Price Anchoring: What You Don’t Know About It

For those of you who take incoming service calls, does this exchange sound familiar?

Your customer: “So how much will it cost?”

You: “Between $300 and $500…”

You just set a price anchor (and probably didn’t know it). 

It turns out we humans rely heavily on the first piece of information we see/hear to make judgments and decisions. This is called price anchoring. 

Keep reading to learn:

  • What defines a price anchor
  • Why price anchoring can affect job prices (and hurt your business)
  • How to price anchor as much as possible

Price Anchoring: What is it?

Hubspot defines price anchoring as:

A pricing strategy that plays on buyers’ inherent tendency to rely heavily on a piece of initial information to guide their next decision.

In the scenario above, $300 is the first information received about price. This has become your customer’s price anchor. They will rely on it (probably too heavily) to pass judgment on the final price. 

What about the $500? That was the second piece of information heard and has much less impact.

So when you present the final invoice, if the total is much higher than the $300 anchor, bad things may happen.

Your customer: “What happened to the $300 you quoted?” they holler. You have an upset customer and a price complaint to deal with. Ouch!

Interestingly enough, if the final HVAC service pricing total is much lower than $300, your customer will also have a negative reaction. They won’t complain about the price, but they will question it (and you).

  • Did you cut corners?
  • Were cheap/used parts installed? 
  • Did you misquote, possibly indicating you are not competent?
  • Why the discrepancy from what you first quoted?

The farther off your final HVAC service price from the anchor, the more pushback you will receive. So your takeaway: Make sure the first price you present is fairly close to the final price you charge. Even better, don’t quote a job until you have evaluated the issue while on the job (more on this to come).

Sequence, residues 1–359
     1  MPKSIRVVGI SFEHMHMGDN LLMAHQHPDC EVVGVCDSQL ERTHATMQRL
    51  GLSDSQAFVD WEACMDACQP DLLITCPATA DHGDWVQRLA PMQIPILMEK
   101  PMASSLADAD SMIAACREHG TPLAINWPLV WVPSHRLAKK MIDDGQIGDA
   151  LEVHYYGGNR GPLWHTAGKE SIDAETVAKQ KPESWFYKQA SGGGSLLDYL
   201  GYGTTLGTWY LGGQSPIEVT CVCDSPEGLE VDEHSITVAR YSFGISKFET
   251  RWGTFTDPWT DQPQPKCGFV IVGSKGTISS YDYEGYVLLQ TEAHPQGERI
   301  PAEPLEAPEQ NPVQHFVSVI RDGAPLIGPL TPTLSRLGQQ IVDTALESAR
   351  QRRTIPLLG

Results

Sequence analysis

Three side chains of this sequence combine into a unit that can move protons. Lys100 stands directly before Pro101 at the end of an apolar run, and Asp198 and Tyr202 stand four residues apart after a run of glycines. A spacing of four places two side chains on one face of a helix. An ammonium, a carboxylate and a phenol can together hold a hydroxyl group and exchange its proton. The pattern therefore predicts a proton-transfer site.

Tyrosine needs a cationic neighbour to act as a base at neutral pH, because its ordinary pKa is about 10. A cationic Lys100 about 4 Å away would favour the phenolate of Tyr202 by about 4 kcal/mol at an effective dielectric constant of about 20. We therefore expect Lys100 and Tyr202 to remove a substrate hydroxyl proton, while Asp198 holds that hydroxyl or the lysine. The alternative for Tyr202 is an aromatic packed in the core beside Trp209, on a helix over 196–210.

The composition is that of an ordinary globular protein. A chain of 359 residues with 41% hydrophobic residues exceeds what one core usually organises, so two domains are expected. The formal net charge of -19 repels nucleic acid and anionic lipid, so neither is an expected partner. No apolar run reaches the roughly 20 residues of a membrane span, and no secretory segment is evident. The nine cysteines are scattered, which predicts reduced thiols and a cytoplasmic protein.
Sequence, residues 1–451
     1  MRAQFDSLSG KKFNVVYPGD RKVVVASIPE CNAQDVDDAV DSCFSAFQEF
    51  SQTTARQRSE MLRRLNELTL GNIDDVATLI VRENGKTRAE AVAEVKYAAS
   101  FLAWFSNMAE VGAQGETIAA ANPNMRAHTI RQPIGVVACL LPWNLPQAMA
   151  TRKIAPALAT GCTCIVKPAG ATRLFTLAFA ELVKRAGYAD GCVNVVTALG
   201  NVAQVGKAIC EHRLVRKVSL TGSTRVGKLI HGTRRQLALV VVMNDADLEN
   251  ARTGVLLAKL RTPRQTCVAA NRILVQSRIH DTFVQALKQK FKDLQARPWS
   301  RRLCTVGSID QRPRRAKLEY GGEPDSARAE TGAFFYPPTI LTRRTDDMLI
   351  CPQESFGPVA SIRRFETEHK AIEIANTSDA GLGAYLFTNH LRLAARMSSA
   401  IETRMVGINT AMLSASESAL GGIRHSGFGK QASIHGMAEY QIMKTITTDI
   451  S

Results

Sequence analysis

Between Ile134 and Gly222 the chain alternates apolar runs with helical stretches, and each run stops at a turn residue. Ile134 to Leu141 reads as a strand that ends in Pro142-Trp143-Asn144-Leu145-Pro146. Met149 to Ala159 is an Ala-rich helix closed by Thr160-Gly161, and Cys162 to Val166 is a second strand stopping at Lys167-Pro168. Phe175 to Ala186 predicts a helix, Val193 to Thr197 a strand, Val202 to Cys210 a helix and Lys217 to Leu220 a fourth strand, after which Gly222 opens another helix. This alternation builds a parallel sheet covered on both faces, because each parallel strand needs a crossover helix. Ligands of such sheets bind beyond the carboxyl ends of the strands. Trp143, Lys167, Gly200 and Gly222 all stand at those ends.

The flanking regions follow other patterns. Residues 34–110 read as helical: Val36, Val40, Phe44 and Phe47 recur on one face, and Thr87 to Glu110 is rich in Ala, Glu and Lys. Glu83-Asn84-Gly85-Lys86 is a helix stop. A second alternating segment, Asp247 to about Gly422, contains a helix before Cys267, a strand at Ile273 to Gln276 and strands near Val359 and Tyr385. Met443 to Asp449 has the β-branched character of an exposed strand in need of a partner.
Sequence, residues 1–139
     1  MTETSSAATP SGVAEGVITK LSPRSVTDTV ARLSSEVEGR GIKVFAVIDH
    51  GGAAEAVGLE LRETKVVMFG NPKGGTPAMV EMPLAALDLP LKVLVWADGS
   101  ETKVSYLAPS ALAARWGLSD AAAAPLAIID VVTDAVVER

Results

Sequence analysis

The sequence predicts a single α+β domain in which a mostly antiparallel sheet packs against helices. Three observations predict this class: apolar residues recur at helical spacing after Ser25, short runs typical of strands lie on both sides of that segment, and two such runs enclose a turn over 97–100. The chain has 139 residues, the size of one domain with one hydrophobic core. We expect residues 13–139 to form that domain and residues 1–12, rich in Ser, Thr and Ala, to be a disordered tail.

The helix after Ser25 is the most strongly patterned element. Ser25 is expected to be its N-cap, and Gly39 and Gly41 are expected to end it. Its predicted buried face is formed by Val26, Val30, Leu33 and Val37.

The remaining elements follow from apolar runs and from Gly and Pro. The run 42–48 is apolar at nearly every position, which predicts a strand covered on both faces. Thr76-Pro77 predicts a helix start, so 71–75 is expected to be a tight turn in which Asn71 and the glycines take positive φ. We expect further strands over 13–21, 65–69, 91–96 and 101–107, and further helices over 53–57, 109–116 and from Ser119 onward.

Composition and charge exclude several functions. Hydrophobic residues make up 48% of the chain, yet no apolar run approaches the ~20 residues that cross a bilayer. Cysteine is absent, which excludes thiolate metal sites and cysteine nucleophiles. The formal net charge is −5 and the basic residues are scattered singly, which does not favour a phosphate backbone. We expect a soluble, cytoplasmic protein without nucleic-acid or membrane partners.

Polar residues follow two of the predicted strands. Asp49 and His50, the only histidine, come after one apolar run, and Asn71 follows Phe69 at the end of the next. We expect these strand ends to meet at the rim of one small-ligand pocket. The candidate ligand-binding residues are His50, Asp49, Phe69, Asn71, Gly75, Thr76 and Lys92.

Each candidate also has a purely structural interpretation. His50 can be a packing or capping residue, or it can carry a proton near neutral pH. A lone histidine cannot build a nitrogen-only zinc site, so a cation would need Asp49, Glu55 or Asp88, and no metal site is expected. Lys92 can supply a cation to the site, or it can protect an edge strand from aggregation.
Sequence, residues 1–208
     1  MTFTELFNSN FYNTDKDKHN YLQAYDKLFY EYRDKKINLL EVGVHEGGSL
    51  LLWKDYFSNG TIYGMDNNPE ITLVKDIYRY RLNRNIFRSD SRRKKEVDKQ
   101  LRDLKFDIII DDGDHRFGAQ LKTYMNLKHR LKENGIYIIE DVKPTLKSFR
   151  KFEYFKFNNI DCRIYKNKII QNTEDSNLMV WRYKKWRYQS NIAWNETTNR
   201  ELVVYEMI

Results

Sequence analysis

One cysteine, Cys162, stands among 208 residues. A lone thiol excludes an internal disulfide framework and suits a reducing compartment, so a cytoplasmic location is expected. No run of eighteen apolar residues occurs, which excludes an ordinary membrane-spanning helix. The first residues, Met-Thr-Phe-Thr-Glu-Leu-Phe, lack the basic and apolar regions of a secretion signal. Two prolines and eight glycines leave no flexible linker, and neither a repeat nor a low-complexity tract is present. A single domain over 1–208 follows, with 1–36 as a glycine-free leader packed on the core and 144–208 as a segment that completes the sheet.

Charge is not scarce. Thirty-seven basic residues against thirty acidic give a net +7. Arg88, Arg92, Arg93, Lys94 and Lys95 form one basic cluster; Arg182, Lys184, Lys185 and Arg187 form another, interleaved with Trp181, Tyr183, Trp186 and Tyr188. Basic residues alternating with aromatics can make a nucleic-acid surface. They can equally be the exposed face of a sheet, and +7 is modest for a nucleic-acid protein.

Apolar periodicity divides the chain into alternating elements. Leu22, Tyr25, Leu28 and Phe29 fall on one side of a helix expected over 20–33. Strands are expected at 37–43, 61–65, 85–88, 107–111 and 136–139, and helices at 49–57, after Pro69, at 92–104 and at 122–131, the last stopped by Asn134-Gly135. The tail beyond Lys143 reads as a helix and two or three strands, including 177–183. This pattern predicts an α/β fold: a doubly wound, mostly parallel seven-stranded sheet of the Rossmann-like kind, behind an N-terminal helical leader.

Whenever possible, give an exact price upfront and stick to it. It’s one of the big reasons we’re fans of flat-rate pricing.

Anchoring Affects the Price

This following video uses a leather jacket to explain price anchoring. It’s fascinating how the human brain reacts to the first price given and uses that anchor to estimate the value of an item. 

Price anchoring is used in every industry to influence price. Just like the jacket in this example, HVAC, electrical and plumbing trades may use price anchoring when pricing their services

And here’s a summary of the Anchoring Bias phenomena. This site is packed with  interesting psychological tidbits.

It’s important to remember that people will anchor whether you want them to or not. It’s a psychological phenomenon that we are all prey to. Consider it when you set your service prices.

 

So How Do I Avoid the Pitfalls of Price Anchoring?

Our top tip to avoid price anchoring issues: Do NOT quote a job over the phone or via email before you have laid eyes on the job. There are just too many factors at play:

  • What if an entire HVAC unit or septic system has to be replaced?
  • What if the issue is with older equipment or materials and takes much longer to repair? 
  • What if the customer didn’t clearly explain the issue over the phone, and the problem is completely different once you are on the job?

So how do you even get invited to a job site before giving a price

We always recommend a service call fee. That way, the buyer knows that you will charge them a set amount to diagnose the issue, and you can give them a clear idea of cost once you have inspected the issue first-hand. 

You are also much more likely to avoid negative price anchoring if you use a flat rate pricing model.

Flat Rate Pricing is Preferred by Customers

Flat rate pricing takes the guesswork out of the whole buying experience. Technicians present one price to the customer before the job starts and that’s what they are charged. 

This price factors in the service, parts and markup and all unapplied time. By using a flat rate pricing tool, techs or staff can easily give an accurate quote. 

Why do 92% of homeowners prefer flat rate pricing?

Want to see how FieldEdge Flat Rate pricing works? 

See how FieldEdge Flat Rate can ensure every job is profitable! Book your FREE personalized demo today!

Book a FieldEdge Demo!

 

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